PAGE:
FW: "Little" xxxx. From early R&B to Rap.
abatefr at EARTHLINK.NET
Mon Mar 10 11:07:32 UTC 2003
To supplement what is mentioned below, it is also the case that Stevie
Wonder, when he first became known as a star solo performer, was billed as
"Little Stevie Wonder", perhaps because he was relatively young at the time;
he was born in 1950. That would have made him in his early teens in the
early 60s, when he had his first hits.
I expect Barry Gordy knows why (former head of Motown Records).
> Why would the appellation "Little or Lil' " be very common in Black
> Because the performers started at a very young age and were truly
That, plus in many instances in the African American community,
especially for males, "big" and "little" were/are used to distinguish
the father from the son with the same name-- Big Joe and Little Joe.
--- Sam Clements <sclements at NEO.RR.COM> wrote:
> While waiting for my son today, I was listening to "the oldies."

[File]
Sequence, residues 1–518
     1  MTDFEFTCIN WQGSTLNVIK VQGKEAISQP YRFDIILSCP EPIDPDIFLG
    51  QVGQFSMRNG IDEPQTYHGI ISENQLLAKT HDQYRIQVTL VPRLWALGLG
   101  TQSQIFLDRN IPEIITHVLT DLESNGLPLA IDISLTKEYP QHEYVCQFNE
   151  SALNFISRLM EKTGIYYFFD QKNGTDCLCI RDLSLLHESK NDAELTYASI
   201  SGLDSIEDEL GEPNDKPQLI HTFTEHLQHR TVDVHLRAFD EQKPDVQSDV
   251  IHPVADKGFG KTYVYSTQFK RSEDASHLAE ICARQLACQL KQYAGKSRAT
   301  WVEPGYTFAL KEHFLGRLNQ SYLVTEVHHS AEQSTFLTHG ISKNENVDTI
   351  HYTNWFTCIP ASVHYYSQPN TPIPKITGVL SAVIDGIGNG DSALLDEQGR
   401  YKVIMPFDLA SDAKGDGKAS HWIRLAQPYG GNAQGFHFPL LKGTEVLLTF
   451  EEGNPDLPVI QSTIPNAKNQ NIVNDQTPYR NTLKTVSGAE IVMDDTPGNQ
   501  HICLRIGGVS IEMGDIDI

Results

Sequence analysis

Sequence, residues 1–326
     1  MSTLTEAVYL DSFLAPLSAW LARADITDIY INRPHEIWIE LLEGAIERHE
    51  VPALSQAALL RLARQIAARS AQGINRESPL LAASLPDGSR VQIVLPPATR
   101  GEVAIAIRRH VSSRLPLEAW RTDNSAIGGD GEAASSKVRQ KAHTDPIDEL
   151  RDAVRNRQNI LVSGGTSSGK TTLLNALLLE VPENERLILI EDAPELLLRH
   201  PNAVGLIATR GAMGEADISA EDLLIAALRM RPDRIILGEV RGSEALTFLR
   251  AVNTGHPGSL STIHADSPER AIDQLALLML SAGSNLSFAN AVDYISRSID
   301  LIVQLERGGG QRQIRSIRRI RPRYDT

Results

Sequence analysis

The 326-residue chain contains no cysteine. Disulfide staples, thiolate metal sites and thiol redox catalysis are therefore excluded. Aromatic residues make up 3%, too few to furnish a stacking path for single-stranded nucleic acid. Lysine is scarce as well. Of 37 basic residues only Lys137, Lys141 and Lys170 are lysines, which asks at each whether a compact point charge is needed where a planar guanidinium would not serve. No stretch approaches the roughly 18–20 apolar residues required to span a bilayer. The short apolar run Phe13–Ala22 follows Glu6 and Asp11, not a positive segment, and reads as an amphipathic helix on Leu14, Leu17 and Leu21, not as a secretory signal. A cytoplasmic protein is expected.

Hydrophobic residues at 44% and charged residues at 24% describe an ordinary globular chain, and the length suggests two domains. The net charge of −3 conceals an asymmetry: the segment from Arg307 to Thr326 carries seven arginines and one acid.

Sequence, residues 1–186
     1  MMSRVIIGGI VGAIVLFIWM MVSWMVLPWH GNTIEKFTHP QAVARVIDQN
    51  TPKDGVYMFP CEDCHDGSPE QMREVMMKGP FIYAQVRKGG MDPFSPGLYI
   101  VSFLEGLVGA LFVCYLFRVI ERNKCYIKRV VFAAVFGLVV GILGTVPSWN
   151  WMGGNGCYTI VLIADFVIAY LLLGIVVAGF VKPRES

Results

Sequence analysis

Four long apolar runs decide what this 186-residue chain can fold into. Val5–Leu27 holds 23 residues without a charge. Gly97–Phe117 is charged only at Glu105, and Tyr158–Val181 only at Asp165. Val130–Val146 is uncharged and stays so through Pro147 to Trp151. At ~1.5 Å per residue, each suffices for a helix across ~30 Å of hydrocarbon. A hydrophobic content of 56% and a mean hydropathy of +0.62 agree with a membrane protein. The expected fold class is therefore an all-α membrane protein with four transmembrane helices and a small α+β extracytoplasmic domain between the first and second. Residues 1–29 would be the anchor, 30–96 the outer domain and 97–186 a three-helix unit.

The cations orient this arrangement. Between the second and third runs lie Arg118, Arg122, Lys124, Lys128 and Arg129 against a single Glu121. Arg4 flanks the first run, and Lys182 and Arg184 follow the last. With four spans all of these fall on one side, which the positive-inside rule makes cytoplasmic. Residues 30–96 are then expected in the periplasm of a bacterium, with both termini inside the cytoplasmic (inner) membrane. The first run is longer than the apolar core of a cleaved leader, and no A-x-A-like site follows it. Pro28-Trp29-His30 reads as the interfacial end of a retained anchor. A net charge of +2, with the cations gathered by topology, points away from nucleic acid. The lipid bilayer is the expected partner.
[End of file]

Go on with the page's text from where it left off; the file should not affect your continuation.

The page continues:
> And heard
> a familiar song by Little Anthony and the Imperials. And then I
> thought of
> Little Richard.
> And then I thought about my son's devotion to Rap and Hip Hop, with
> singers than you can shake your booty at who have the name "Little"
> their given name. There's Little Wayne. Lil' Romeo, Lil' Kim,
> and many
> So I got out my Billboard top 40, and discovered Little
> Caesar(1961), Little
> Eva(1962), Little Joe(1957), Little Joey(1962), Little
> Milton(1965). Most
> are listed as R&B("Black") singers. I don't know how many were
> Afro-American, but that is the question I pose.
Margaret G. Lee, Ph.D.
Associate Professor - English and Linguistics
& University Editor
Department of English
Hampton University, Hampton, VA 23668
e-mail: margaret.lee at hamptonu.edu or mlee303 at yahoo.com
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